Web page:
Andy Burnham says in today's Guardian that Labour has until next spring to set out more policies, and urges the integration of social care into the NHS (which isn't the party's official view.)
Every interview by a senior politician should be met by the question "what did he mean by that?", rather in the manner of Metternich enquiring after the death of Talleyrand
Burnham knows well that Labour's lead in the polls has slid, that Ed Miliband is under pressure, that he doesn't like Shadow Cabinet Ministers freelancing…and that the implied criticism of Miliband will be unwelcome.
The Shadow Health Secretary is in the wrong job. I write that not because of any intrinsic weakness Burnham may have, but because it's nearly always a mistake to shadow a department you ran.
Jeremy Hunt has been able to target Burnham's record, especially in relation to mid-Staffs, and has managed the unprecedented achievement of putting Labour under pressure over an issue which they own – at least, in relation to the Conservatives.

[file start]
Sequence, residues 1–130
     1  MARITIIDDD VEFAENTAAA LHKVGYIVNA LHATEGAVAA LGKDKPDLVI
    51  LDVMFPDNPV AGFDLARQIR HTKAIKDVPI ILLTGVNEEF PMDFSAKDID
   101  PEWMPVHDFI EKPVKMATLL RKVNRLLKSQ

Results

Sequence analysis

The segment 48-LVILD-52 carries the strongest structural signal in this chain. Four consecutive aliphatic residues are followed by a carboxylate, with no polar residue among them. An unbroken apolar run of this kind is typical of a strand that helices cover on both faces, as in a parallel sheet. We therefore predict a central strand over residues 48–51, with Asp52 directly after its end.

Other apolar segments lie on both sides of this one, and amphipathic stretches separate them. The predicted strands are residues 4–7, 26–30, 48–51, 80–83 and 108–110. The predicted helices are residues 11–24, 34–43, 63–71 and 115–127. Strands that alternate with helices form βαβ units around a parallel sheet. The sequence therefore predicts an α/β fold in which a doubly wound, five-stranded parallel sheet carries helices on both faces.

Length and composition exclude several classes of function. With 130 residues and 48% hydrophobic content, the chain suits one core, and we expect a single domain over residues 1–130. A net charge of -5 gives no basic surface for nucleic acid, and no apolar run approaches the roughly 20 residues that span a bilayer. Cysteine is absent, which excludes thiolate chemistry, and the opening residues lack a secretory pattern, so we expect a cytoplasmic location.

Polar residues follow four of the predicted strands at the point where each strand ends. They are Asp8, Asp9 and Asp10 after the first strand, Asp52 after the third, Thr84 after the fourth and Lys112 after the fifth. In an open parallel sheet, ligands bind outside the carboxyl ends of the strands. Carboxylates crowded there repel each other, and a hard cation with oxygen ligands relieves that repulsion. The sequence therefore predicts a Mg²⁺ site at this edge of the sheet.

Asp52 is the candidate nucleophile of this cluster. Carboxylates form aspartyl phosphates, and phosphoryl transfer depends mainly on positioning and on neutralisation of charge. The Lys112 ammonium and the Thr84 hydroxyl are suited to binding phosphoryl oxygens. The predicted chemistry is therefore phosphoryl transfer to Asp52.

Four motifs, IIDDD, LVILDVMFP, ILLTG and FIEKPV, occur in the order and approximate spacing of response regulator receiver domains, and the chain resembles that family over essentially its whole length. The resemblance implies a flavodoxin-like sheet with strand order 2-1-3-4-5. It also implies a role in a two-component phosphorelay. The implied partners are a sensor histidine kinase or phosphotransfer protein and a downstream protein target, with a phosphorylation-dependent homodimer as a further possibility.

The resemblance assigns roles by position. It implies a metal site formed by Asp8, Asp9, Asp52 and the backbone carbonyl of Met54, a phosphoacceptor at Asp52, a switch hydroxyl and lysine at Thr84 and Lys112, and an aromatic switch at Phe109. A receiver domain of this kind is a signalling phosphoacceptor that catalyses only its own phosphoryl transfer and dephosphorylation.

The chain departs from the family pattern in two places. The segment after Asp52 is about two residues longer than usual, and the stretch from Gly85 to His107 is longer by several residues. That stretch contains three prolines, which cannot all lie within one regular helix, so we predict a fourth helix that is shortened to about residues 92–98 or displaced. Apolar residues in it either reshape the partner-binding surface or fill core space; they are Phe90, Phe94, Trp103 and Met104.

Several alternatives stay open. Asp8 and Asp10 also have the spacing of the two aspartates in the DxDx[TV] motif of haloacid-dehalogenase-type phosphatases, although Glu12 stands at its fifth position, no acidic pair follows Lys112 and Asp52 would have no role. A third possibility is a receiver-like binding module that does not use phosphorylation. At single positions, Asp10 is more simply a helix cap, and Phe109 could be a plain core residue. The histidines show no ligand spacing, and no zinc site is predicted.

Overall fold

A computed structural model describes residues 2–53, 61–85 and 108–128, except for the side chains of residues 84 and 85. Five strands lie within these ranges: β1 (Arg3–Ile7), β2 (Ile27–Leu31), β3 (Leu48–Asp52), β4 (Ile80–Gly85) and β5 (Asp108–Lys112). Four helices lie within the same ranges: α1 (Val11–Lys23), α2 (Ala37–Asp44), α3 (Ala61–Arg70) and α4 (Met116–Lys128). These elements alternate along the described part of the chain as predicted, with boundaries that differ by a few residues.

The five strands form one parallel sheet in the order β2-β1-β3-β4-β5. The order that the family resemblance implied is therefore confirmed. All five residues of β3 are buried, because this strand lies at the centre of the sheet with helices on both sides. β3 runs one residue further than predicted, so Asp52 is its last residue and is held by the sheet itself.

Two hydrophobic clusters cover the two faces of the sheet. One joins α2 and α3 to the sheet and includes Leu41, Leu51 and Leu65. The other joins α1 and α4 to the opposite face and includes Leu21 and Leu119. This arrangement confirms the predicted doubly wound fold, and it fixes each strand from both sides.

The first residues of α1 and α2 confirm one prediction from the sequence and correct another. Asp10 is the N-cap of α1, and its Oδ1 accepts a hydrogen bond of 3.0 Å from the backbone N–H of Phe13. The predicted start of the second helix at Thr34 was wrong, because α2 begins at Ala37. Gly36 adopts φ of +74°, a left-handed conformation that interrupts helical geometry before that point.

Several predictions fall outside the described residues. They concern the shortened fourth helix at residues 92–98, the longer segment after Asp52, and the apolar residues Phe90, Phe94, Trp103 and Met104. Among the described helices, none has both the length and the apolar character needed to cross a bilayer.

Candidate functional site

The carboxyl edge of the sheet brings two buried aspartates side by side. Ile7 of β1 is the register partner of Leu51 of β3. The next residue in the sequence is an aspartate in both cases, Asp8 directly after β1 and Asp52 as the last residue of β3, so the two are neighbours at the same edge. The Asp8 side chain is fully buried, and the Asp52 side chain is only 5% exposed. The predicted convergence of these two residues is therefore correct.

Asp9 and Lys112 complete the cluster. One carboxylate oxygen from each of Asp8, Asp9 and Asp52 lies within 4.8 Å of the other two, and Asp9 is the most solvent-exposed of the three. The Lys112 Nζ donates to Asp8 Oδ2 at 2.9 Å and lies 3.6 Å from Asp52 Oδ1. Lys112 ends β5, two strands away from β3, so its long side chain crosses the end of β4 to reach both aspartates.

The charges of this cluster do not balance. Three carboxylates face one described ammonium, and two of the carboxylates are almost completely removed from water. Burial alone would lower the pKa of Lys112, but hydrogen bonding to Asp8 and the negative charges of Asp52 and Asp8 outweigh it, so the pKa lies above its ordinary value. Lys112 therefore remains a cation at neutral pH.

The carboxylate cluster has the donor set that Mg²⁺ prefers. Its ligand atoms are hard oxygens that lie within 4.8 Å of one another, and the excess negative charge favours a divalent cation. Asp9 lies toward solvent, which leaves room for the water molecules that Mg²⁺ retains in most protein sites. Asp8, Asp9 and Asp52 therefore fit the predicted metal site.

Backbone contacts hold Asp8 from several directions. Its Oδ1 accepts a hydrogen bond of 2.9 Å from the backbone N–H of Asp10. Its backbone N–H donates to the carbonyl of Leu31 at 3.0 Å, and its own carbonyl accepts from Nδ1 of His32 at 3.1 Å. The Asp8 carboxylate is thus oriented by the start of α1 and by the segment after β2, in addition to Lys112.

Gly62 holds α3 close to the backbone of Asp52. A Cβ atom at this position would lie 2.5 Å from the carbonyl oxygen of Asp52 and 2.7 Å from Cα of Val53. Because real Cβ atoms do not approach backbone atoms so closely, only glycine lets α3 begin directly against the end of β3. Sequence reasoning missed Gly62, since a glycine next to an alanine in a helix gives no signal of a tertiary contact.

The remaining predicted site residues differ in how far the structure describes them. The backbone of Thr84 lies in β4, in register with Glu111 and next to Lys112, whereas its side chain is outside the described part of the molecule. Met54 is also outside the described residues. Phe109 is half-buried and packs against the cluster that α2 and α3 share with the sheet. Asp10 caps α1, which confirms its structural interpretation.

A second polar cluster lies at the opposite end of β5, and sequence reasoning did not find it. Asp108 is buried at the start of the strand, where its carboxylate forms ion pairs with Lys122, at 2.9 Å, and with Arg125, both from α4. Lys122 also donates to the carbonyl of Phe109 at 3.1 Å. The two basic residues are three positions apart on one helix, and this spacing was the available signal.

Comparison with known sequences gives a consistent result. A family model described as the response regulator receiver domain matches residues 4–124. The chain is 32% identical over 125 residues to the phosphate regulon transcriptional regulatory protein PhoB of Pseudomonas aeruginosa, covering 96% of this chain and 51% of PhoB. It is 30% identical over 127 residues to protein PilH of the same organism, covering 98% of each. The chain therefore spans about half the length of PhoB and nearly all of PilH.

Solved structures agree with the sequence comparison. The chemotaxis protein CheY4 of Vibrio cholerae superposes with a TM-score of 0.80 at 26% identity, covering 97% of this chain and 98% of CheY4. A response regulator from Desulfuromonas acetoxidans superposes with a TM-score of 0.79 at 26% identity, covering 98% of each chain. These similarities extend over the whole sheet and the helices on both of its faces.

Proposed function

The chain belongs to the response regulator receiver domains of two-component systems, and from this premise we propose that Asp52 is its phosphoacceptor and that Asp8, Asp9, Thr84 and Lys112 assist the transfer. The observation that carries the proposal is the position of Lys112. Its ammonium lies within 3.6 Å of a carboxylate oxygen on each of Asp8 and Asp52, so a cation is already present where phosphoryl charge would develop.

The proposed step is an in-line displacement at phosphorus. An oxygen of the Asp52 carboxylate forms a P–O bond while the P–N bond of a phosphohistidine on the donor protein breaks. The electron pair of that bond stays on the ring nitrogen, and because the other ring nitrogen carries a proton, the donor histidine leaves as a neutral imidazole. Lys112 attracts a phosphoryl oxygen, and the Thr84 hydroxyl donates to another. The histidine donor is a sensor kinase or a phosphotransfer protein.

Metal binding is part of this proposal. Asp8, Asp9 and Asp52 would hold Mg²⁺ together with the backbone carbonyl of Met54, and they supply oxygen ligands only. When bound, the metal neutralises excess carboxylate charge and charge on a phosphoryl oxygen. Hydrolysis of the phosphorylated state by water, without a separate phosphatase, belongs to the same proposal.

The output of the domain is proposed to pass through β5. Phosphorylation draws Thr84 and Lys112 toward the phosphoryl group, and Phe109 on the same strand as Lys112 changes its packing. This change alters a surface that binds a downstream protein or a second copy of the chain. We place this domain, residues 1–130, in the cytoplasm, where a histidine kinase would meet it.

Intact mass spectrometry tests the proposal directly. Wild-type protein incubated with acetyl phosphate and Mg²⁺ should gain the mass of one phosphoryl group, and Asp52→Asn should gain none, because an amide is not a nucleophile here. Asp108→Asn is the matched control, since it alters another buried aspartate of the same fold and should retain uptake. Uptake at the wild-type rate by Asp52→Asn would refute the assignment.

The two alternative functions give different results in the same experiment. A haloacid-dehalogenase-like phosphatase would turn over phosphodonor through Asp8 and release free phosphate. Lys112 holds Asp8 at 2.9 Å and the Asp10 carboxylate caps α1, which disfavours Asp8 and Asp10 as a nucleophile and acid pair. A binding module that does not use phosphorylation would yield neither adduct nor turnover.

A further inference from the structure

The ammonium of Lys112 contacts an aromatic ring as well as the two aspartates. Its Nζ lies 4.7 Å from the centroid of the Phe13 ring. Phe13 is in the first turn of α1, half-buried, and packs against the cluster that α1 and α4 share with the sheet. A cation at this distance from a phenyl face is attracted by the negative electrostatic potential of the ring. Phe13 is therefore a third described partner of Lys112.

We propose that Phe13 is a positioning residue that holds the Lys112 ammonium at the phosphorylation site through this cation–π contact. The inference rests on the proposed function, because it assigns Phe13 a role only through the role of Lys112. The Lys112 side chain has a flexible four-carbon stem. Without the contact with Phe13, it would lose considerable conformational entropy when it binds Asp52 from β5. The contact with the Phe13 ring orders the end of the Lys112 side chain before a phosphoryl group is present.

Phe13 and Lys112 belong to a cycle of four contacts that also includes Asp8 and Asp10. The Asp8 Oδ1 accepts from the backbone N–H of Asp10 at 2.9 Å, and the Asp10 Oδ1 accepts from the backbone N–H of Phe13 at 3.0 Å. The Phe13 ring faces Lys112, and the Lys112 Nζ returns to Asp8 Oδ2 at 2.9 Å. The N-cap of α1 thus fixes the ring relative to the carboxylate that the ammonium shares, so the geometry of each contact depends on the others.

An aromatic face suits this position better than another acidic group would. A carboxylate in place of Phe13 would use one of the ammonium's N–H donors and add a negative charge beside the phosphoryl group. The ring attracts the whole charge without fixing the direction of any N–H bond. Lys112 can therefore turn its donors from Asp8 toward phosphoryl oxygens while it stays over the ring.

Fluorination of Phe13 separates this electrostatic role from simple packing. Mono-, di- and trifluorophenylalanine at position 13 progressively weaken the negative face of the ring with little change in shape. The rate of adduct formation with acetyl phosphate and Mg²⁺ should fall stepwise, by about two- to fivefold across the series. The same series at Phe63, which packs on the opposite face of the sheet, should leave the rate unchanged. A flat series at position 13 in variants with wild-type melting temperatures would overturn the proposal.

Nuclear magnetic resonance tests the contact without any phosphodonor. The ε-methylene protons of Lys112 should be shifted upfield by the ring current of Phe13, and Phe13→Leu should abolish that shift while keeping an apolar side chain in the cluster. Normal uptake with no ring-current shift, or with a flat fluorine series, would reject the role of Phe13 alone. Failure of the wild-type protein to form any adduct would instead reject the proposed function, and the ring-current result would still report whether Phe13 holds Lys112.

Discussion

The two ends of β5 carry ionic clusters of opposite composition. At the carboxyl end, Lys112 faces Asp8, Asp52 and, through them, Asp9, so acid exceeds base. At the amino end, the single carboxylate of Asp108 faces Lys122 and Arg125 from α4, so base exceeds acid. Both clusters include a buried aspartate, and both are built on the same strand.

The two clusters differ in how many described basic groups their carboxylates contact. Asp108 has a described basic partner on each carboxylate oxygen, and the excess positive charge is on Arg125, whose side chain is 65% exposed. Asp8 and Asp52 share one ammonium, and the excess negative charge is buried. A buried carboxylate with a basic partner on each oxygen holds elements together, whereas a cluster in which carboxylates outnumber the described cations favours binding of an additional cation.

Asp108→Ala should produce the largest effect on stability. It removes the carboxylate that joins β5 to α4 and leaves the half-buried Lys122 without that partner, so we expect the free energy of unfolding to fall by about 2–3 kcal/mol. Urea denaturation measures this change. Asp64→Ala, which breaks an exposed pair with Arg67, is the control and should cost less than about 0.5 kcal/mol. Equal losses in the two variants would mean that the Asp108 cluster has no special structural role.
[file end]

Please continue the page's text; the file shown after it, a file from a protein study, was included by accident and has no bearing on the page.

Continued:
Ed Balls wasn't Chancellor of the Exchequer, but faces a similar problem as Shadow Chancellor, given his closeness to Gordon Brown in government and standing as an former economic adviser to him.
As a leadership contender last time round, Burham is presumably too well entrenched for the Labour leader to sack, but a Shadow Cabinet reshuffle is coming, as both Rafael Behr and James Forsyth indicated yesterday.
The most reasonable way of reading the Shadow Health Secretary's interview is that he thinks he may be demoted in the shuffle, doesn't want to leave health, and is getting his excuses in early: "I had a wonderful health and social care scheme – but Ed simply wouldn't have it."